Iphigenia in Splott: Standing Ovation for Sophie Melville

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As Iphigenia in Splott comes to the end of its run at the Lyric Hammersmith, we were lucky enough to catch a packed-out matinee performance and Sophie Melville did not disappoint

Gary Owen’s critically acclaimed and powerful monodrama inspired by the Greek myth is a real story of our times. Iphigenia, in Greek Mythology, was the daughter of Agamemnon and Clytemnestra. She was offered up for sacrifice to appease the goddess Artemis. This modern retelling sees Iphigenia – Effie – make a huge sacrifice, the likes of which will alter her life forever.

 

“What is gonna happen, when we can’t take it anymore”

Iphigenia in Splott

© theguardian.com

Directed by Rachel O’ Riordan with a stellar performance by Sophie Melville, Iphigenia tells the story of Effie a young woman in Splott (Wales). She drinks too much and swears too much and parties too much until an event changes her life forever. For seventy-five minutes, Melville completely commanded the stage. We were drawn into Effie’s story, unsure at first about whether to like her or not. She’s sort of awful, but also kind of incredible. There is such truth and authenticity in this performance that you can’t help but get sucked into this world.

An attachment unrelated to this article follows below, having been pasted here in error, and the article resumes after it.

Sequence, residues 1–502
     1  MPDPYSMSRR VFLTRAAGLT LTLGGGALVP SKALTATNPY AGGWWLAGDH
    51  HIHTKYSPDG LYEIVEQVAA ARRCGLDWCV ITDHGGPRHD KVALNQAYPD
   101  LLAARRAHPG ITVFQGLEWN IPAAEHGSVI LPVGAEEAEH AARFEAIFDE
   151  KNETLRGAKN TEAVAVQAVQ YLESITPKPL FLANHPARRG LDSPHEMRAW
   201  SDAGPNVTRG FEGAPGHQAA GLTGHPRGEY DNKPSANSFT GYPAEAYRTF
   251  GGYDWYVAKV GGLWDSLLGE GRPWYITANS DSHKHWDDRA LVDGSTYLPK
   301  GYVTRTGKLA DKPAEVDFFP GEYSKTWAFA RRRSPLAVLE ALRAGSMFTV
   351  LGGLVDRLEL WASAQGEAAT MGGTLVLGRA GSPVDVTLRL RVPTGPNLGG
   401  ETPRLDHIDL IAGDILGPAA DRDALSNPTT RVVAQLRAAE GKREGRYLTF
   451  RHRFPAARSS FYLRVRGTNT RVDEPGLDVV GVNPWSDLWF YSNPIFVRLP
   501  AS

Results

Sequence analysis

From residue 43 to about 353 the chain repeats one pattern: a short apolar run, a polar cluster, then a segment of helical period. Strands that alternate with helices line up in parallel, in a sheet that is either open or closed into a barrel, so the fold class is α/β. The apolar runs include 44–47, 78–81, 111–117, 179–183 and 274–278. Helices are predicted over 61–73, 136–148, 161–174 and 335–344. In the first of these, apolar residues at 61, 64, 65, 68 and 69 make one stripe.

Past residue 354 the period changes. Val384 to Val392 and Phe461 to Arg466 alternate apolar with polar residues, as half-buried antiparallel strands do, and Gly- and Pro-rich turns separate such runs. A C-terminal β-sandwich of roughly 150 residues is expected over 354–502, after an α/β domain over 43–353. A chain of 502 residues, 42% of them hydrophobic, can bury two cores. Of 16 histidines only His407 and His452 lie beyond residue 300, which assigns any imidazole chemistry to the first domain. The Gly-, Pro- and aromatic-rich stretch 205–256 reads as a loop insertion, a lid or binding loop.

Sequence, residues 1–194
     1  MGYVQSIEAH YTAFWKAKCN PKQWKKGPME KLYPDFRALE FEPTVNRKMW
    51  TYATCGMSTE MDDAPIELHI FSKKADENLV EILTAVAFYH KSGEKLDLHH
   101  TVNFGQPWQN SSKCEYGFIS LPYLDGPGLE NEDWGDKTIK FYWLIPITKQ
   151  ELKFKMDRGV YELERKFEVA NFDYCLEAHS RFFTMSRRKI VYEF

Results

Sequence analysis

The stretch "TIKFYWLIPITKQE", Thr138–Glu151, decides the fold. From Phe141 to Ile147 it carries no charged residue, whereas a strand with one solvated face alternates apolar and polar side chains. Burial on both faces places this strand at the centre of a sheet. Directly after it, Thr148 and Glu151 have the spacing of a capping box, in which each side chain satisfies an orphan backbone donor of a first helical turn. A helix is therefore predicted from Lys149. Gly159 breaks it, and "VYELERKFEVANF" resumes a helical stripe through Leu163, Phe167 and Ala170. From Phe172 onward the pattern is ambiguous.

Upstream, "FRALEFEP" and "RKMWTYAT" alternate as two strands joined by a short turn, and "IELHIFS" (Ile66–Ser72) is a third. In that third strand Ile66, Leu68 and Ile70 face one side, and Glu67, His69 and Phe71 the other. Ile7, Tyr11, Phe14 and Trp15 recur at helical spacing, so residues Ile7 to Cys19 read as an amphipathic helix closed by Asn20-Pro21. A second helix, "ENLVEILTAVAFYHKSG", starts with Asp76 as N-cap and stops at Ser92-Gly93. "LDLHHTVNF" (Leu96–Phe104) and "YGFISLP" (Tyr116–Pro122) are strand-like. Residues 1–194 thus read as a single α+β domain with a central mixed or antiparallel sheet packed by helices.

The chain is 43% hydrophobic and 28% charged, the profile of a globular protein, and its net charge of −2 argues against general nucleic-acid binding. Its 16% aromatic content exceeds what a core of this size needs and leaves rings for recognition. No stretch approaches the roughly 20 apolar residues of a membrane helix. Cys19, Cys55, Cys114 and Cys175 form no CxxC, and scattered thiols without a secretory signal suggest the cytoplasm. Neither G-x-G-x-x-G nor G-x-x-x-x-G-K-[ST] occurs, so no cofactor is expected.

Owen has taken this classic tale and re-vamped it for a modern audience. When you watch Iphigenia in Splott you almost feel as though you’ve been punched in the stomach, multiple times, by the time the house lights come on again.

Iphigenia in Splott

© lyric.co.uk

The play examines the harsh reality for people like Effie in towns and cities like Splott, places and people who have been left behind. Abandoned by the government and the establishment, but they are nevertheless still fighting for their right to live and their right to live well. With the current state of the government, this adaptation has never felt more relevant.

About Post Author

Hannah Petch

Freelance writer, poet, playwright, dramaturg.
author

Freelance writer, poet, playwright, dramaturg.